INBO Research Challenges

Sustainable water system restoration

Despite the roll-out of integrated water policies in recent decades, wetland ecosystems in Flanders remain under great pressure. The highly disturbed water balance, low structural quality, high water consumption and the input of environmentally harmful substances make it difficult to reach environmental and biodiversity targets. Climate change makes Flanders especially vulnerable to water scarcity and flooding.

Effective water policy and management requires a thorough integrated systems approach in which the natural functioning of the water system in the landscape is restored. To curb droughts and flooding, spatial policy processes must take water, soil and climate into account. Nature-based solutions are appropriate to this end. These are measures aimed at restoring natural processes to meet societal needs. In this process, multifunctional use and nature values go hand in hand. For the water system, it is necessary to manage quantity, quality and dynamics of ground and surface water in the right spatial context. We must also look at terrestrial habitats, which help influence the functioning of our water systems.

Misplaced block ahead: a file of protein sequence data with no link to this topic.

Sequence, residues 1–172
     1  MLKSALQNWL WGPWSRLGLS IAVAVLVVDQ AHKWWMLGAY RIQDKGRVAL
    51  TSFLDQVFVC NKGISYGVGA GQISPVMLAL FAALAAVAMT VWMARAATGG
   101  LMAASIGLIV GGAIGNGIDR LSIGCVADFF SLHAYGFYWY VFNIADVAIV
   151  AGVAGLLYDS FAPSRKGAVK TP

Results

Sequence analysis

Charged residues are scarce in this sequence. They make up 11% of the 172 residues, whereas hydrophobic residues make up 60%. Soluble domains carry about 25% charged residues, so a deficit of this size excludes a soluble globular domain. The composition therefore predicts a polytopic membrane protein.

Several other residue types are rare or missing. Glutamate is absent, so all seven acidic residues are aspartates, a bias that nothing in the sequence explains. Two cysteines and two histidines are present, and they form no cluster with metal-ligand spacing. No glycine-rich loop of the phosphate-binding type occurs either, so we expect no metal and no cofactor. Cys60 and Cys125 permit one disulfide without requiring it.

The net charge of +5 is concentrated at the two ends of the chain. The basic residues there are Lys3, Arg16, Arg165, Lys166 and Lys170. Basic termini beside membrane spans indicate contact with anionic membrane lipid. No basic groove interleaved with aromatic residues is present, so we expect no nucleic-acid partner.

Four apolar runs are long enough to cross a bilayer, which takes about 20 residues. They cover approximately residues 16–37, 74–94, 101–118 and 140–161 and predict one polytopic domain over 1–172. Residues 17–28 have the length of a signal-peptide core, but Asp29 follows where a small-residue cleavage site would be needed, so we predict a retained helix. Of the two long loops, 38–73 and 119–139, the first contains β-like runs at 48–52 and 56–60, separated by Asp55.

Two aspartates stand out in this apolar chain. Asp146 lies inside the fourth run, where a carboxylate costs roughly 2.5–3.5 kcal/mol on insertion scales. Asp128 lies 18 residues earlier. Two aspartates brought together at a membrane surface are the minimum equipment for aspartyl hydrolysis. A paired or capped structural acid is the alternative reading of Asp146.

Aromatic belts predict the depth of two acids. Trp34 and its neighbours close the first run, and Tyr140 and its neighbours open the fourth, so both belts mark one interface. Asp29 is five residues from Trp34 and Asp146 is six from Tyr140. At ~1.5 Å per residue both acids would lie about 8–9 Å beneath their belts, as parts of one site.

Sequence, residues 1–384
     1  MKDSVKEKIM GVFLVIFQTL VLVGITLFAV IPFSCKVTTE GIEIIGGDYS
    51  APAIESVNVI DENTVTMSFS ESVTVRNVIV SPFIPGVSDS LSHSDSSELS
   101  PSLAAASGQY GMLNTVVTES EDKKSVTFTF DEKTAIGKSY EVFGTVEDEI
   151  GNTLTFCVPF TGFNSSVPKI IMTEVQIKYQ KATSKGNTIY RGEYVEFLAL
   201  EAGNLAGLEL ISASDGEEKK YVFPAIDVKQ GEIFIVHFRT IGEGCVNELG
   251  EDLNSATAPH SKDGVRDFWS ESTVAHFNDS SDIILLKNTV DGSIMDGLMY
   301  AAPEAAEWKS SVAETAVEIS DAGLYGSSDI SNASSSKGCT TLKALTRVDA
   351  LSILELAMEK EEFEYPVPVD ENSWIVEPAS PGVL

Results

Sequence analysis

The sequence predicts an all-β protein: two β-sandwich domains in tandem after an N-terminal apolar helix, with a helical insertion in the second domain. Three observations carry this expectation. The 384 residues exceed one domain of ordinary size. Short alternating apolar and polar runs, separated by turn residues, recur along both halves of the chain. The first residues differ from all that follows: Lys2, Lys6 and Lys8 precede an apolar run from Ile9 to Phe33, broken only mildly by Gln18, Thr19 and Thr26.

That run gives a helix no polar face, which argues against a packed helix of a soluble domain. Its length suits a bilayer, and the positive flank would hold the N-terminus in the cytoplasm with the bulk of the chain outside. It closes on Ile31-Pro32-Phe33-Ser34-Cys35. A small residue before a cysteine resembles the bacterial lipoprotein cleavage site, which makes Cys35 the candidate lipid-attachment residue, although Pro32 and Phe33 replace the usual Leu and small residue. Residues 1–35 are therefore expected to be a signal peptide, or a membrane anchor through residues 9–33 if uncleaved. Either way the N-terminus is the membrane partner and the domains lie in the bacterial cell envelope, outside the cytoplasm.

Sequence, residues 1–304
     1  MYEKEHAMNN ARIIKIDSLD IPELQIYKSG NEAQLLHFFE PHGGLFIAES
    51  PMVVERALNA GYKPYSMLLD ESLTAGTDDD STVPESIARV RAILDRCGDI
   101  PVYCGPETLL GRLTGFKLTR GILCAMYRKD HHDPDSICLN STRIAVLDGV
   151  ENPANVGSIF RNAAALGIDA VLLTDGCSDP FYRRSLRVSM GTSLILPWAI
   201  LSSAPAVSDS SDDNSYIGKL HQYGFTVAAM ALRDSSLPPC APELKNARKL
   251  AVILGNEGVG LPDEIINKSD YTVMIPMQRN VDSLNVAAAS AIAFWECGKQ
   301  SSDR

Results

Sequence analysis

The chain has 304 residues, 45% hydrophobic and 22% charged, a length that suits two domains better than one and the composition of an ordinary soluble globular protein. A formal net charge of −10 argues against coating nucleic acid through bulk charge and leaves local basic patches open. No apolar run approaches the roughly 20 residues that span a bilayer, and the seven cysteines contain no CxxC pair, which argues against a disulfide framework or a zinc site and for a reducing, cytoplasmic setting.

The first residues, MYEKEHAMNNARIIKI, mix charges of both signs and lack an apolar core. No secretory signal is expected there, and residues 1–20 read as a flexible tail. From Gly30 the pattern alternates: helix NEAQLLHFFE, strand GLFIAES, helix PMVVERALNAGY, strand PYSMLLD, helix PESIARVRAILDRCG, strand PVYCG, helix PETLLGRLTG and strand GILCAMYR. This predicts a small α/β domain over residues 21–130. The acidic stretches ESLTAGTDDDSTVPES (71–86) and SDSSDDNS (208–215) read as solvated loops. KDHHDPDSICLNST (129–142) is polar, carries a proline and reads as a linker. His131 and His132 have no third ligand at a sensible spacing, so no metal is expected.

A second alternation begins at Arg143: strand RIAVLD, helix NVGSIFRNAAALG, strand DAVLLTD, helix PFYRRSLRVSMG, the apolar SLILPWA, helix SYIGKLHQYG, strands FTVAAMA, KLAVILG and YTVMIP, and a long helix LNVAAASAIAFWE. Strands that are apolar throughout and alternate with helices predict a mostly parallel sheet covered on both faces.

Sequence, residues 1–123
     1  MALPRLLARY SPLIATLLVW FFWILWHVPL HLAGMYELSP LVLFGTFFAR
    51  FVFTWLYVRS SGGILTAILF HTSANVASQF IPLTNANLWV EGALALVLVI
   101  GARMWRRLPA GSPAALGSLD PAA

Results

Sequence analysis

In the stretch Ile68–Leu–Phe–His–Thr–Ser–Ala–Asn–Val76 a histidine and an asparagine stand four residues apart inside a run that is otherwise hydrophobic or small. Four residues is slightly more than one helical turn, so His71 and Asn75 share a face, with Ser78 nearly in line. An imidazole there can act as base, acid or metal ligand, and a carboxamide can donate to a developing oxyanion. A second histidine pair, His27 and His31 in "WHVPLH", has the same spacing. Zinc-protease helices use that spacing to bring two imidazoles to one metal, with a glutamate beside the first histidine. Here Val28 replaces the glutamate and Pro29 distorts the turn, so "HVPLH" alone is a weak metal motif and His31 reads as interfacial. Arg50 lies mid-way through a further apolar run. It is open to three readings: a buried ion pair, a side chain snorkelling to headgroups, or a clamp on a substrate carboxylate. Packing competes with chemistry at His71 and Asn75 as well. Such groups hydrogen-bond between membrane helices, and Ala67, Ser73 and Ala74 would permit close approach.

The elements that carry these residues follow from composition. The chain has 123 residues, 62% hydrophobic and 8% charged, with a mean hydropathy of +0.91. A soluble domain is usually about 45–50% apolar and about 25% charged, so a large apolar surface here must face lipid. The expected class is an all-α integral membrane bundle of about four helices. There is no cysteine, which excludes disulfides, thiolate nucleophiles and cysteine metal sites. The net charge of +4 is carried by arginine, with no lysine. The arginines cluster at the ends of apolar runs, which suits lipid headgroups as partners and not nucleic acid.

INBO focuses on the following research challenges:

  1. Defining ecological preconditions to restore and maintain water-bound nature and groundwater-dependent ecosystems. This includes the determination of more natural drainage regimes (e-flows, free-flowing rivers), area-specific GGORs (desired ground and surface water regimes) and ecohydrological standards for floodwater and groundwater quality.
  2. Striking a balance between rolling out nature-based solutions and achieving current nature targets. Due to limited water quality combined with lack of space, the restoration of wetlands increasingly conflicts with targets, including for terrestrial vegetation in valley areas. It is desirable to prioritize target species and habitats, delineate more realistic targets and scale up and connect water-related nature.
  3. Pursuing sustainable water use and management. Among other things, we want to explore strategies to reduce the impact of sewage overflows on aquatic biodiversity, examine the impact of chemical erosion and aqua and geothermal energy on biodiversity, develop a policy framework to avoid the negative ecological impacts of small-scale hydropower, and map the ecosystem services of clear, deep lakes.
  4. Evaluation of realized measures and projects for aquatic nature in Flanders in the wake of 25 years of integrated water policy. We do this in close cooperation with other research institutes.
  5. Development of a cross-entity knowledge hub 'nature-based water system restoration' bringing together multidisciplinary expertise from the various Flemish research institutes.


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